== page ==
The Glorious And Colourful Gosani Jatra Tradition Of Puri

Bhubaneswar: Puri, the abode of Lord Jagannatha, otherwise known as the ‘Sri Kshetra’ or ‘Purushottama Kshetra’ is a place of several rituals, colourful jatras (festivals) and living traditions.

Though there is no denial of it being a strong seat of Vaisnavism, it is the melting pot of several other cults like Saiva, Sakti, Ganapatya and Saura to form the cosmopolitan Jagannatha cult.

Unlike other places, ‘Durga Puja’ one of the important colourful festivals of the Shakti pantheon is observed here as the ‘Gosani Jatra’. This Jatra is unique to Puri and is an indigenous cultural trait of the holy city, not found elsewhere.

The peculiarity here is huge clay idols of Mahisha-asura-mardini-Goddess Durga as the killer of the buffalo-demon are worshipped as Gosanis every year in the month of Asvina (October).

Gosanis look earthy, robust and muscular, fierce with their gaze at the buffalo demon-Mahisha-asura. The buffalo demon looks up at her while she looks down at him, pulling his hair with her hands, strangulating him with a serpent and piercing him with her trident, while kicking him in the chest. The eyes of the Gosani and the buffalo demon locked in combat.

Some of the Gosanis are eight-handed unlike the common image of Goddess Durga which has ten hands.

In Gosanis, the maternal form of Goddess Durga is downplayed and so she is not usually linked to her children Ganesha, Kartikeya, Lakshmi and Saraswati. In many Gosani images only sons accompany the mother to battle.

In most cases, the Mahisa-asura in Gosani images is depicted in theriomorphic (head is of a buffalo while the body is of a human being).

Gosani images are coloured by primary colours and built in typical Odishan style. While yellow colour is applied to the Goddess, blue/green is applied to the demon.

The decoration of these images is also indigenous in nature with sola (Indian cork) and jari work. The crown, ornaments, attributes and the halo are made of sola and jari.

Another speciality of Gosani images is that the artist after applying colour to the images draw a ‘Devi Yantra’ on the chest of the image and cover it with new clothes around the body of the Goddess.

Like Gosanis, gigantic images of Naga are also made and worshipped during Gosani Jatra. These large male images symbolise heroism and valour.

According to some scholars, ‘Nagas’ are one of the Saiva sects set up by Adi Sankaracharya. The sadhus of this Naga sect besides being Shiva worshippers also practise wrestling and in the olden days were instrumental in defeating Buddhists.

In medieval days they played a great role by resisting Muslim aggression in Puri.

Moreover, the Naga images represent the Jaga-Akhada culture of Puri.

Now coming to the concept of the Gosani, the meaning of the word has several meanings and is locked in mystery.

It is believed that the Gosanis are the associated Saktis of the supreme Goddess Durga during her war with Mahisa-asura. It is for pacifying these terrifying Saktis that clay idols (Gosanis) are worshipped annually during Durga Puja. Locals believe the Gosanis to be the Saktis of Lord Shiva, who is also known as Bhootnath and is the lord of spirits, evil powers, and ghosts.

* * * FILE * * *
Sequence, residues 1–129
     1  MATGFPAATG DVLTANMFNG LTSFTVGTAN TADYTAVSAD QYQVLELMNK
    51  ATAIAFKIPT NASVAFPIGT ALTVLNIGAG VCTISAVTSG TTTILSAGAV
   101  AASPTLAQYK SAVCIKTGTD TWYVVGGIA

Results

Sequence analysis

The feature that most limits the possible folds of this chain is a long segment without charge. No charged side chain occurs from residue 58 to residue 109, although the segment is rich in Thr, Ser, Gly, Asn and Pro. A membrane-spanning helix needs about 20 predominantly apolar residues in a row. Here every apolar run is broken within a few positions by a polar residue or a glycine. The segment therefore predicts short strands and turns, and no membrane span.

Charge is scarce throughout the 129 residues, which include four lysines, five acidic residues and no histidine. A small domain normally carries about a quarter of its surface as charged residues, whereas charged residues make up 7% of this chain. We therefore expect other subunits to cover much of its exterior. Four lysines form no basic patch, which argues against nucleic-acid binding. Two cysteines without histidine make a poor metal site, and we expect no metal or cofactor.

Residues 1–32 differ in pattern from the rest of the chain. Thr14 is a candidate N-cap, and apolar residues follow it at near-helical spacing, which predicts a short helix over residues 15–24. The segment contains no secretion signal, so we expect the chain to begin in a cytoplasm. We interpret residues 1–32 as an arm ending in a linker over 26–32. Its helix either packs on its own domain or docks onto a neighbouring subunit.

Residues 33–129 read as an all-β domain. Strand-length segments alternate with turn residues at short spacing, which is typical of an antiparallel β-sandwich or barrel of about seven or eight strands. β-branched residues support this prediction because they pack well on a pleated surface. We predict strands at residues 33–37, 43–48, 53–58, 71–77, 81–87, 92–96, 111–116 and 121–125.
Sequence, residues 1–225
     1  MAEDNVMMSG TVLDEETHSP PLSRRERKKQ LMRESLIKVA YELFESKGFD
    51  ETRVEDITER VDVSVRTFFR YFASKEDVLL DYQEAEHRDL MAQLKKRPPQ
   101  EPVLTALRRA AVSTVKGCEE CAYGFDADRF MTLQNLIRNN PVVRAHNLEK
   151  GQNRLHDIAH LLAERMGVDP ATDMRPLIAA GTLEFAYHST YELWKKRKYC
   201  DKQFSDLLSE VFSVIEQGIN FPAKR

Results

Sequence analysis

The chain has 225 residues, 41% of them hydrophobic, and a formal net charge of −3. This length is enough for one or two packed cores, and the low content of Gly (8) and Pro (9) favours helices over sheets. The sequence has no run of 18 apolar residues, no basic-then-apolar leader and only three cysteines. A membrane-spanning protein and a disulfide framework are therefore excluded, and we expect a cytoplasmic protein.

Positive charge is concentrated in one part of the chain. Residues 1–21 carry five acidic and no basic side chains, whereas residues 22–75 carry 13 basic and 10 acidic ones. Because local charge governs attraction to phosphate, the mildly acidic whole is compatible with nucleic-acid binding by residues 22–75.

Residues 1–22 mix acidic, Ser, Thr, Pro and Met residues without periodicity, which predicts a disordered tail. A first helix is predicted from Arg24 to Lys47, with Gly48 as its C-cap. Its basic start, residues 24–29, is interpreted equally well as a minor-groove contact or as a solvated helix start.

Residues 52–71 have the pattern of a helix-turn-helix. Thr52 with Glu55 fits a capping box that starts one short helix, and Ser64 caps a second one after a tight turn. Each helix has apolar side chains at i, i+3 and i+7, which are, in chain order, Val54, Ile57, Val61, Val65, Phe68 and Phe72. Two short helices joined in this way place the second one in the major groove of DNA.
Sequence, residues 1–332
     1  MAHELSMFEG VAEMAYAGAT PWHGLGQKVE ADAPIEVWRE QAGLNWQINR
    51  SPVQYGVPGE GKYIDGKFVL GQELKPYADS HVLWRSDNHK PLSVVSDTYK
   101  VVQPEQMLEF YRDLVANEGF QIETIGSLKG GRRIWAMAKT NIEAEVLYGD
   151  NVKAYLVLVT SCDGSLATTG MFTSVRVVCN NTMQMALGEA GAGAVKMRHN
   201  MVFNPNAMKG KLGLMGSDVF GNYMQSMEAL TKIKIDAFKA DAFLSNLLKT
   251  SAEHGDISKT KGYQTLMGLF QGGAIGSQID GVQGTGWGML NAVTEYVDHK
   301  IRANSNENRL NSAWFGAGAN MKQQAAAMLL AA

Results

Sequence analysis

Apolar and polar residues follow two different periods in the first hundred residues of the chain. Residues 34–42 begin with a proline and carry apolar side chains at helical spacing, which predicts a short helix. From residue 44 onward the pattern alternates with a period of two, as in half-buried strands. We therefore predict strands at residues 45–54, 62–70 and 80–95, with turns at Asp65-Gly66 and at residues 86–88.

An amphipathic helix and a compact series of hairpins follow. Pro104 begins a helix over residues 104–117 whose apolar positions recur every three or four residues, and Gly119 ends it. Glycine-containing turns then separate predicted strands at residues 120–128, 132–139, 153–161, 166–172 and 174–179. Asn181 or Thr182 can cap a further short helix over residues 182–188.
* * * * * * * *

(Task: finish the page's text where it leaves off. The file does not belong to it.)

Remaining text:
Going by the description found in Madala Panji-the Shree Jagannath Temple journal of daily events, the first king of the Ganga dynasty Chodaganga Deva, the king who initiated the building of the current Shree Jagannath Temple was an expert tantric and through his powers and expertise had reined in all Gosanis of Odisha. History says that Chodaganga Deva was a Shiva-worshipper, converted to a Vishnu-worshipper by the Vedanta acharya, Ramanuja.

According to some scholars, the word Gosani is derived from the Odia word ‘Gosamani’, which means ‘aristocratic lady’, the wife of the owner or the paternal grandmother (Gosein maa in Odia).

In the royal families of Odisha, the prince and princess are called ‘Jenamani’ and ‘Jemamani’ respectively. In this way, the paternal great grandmother is called Gosein maa or ‘Gosamani’. In this connection, local people believe the Gosanis as the saviour and nourish their locality and therefore, during the Durga Puja festival they worship images of Gosani in their respective Sahis (neighbourhood).

In Odia, the word Goswami also means a Brahmin (is also called or Gossein) landlord owning cows and his wife is called Goswamini and Gosani can be colloquial of it.

Again, Lord Shiva is also called Goswami as he rides on the back of his bull Nandi and hence his consort Sakti of Durga is Goswamini from which Gosani could have been derived.

Further, in Puri co-worship of Mahisamardini Durga and Madhava (Lord Jagannath is prevalent from the Ganga period and scholars conclude that Gosani must be Durga.

Moreover, Gosani Jatra of Puri has roots in folk culture which is evident from the rustic names of the Gosanis-Kakudikhai (she who eats cucumbers), Janhikhai (she who eats ridge gourd), Janhimundia, Sunya Gosani, Panapriya, Hadabai, Kantakadhi,Gelabai, Belabai etc.

Other clay figures such as the bird Sampati with monkeys, Panchamukhi Hanuman, Ravana lifting Kailasa mountain, ghosts, figures of old man and woman besides that of Gosanis and Nagas are also made during the Gosani Jatra festival every year.

On Ekadasi tithi (11th day) of the Shukla paksha (bright fortnight) of the Hindu lunar month of Asvin, clay images of Gosanis gather in front of the Singhadwar (Lions Gate) of the Shree Jagannath Temple and late in the night are taken to nearby rivers for visarjan (immersion).

Among the Gosanis ‘Kakudikhai’ is the supreme Goddess and is the chief Gosani. She is considered as the Goddess Durga herself and is the representative of Goddess Bimala outside Shree Jagannath Temple.